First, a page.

After the financial crisis, many SMEs were left to sink or swim when bank lending dried up, despite MPs from all parties calling for access to finance. That mistake must not be repeated. It was only right that firms were given furlough, coronavirus business interruption loans and bounce back business loans to get them through the coronavirus crisis. Since March, those have been replaced by the recovery loan scheme, administered by the British Business Bank. Loans are available through a network of accredited commercial lenders; I will come back to that point later. Term loans, overdrafts, invoice finance and asset finance are now available.
The Scottish National party welcomed the autumn Budget 2021 announcement that the scheme would be extended until June 2022, because it was originally due to close at the end of 2021. However, from 1 January the scheme will be open to small and medium-sized enterprises only and the maximum amount of finance available will be £2 million per business. The guaranteed coverage that the Government will provide to lenders will be reduced from 80% to 70%, which could have a huge impact on small to medium-sized enterprises.
Moving from the previous loan system could be difficult for small to medium-sized enterprises. The flexibility of the bounce back loans for small firms, as well as automatic approval and repaying only when the firm is growing, is no more. This is huge. It is beyond belief, and will mean that schemes will be axed before firms have been lent the amount promised.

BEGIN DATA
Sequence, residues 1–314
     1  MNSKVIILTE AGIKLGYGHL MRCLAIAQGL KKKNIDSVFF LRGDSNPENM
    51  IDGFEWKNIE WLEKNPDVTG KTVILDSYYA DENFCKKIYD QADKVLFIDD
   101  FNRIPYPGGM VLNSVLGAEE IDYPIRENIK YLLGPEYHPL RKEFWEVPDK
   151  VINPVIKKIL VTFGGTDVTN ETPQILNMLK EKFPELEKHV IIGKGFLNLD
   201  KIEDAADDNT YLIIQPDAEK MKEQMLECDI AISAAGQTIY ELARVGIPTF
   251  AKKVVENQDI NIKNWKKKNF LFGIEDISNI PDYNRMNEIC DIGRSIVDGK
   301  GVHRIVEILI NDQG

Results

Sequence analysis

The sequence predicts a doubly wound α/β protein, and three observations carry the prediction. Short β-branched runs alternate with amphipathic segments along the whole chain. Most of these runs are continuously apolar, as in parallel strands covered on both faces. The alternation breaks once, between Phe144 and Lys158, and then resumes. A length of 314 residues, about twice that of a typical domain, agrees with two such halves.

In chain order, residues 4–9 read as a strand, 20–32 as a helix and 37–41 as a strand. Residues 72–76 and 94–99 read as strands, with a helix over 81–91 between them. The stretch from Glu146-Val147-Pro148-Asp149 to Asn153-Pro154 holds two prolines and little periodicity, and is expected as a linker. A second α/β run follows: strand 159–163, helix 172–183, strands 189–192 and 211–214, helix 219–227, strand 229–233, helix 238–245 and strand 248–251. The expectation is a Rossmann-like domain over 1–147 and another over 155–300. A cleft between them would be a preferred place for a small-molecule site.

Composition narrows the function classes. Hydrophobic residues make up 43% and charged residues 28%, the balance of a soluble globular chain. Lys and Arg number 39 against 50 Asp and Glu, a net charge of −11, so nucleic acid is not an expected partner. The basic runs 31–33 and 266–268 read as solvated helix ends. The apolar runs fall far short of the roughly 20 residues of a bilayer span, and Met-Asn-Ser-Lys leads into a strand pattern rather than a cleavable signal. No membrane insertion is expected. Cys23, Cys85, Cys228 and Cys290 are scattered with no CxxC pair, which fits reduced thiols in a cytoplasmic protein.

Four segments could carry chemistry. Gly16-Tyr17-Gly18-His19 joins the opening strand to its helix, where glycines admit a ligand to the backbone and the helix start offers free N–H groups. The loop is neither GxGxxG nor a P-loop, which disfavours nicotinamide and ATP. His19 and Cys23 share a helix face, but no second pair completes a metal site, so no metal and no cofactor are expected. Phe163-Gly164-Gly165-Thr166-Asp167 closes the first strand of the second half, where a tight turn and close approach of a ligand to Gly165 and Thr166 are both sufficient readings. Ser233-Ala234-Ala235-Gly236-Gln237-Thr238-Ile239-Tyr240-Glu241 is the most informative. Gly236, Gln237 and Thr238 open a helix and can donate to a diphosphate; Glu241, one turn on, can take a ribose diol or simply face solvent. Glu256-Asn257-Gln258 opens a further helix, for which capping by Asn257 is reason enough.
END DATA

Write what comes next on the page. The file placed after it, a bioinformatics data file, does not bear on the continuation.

As well as access to new finance, the SNP has concerns about firms being able to cope with debt levels accumulated during the coronavirus pandemic, and the economic future is looking even more uncertain. After the last crisis, many SMEs were left bankrupt when they could not repay their debts, despite MPs from all parties calling for access to finance. That is another thing that must not happen again.
However, the risk is rising. Last month, the Financial Times reported that the Bank of England has warned that a
“third of the UK’s small businesses are classed as highly indebted, more than double since before the Covid-19 pandemic”.
It went on to say that the Bank of England said
“two-thirds of the £79bn increase in UK corporate debt between the end of 2019 and the first quarter of 2021”
was held by firms who would not have been able to borrow pre-pandemic. The report continued:
“The research showed 33 per cent of SMEs held debt levels of more than 10 times their cash balances, versus 14 per cent before Covid-19 hit. The percentage of those with high debt relative to both cash balances and monthly inflows trebled to 10 per cent from 3 per cent over the same period.”
The Bank of England’s Financial Policy Committee warns starkly: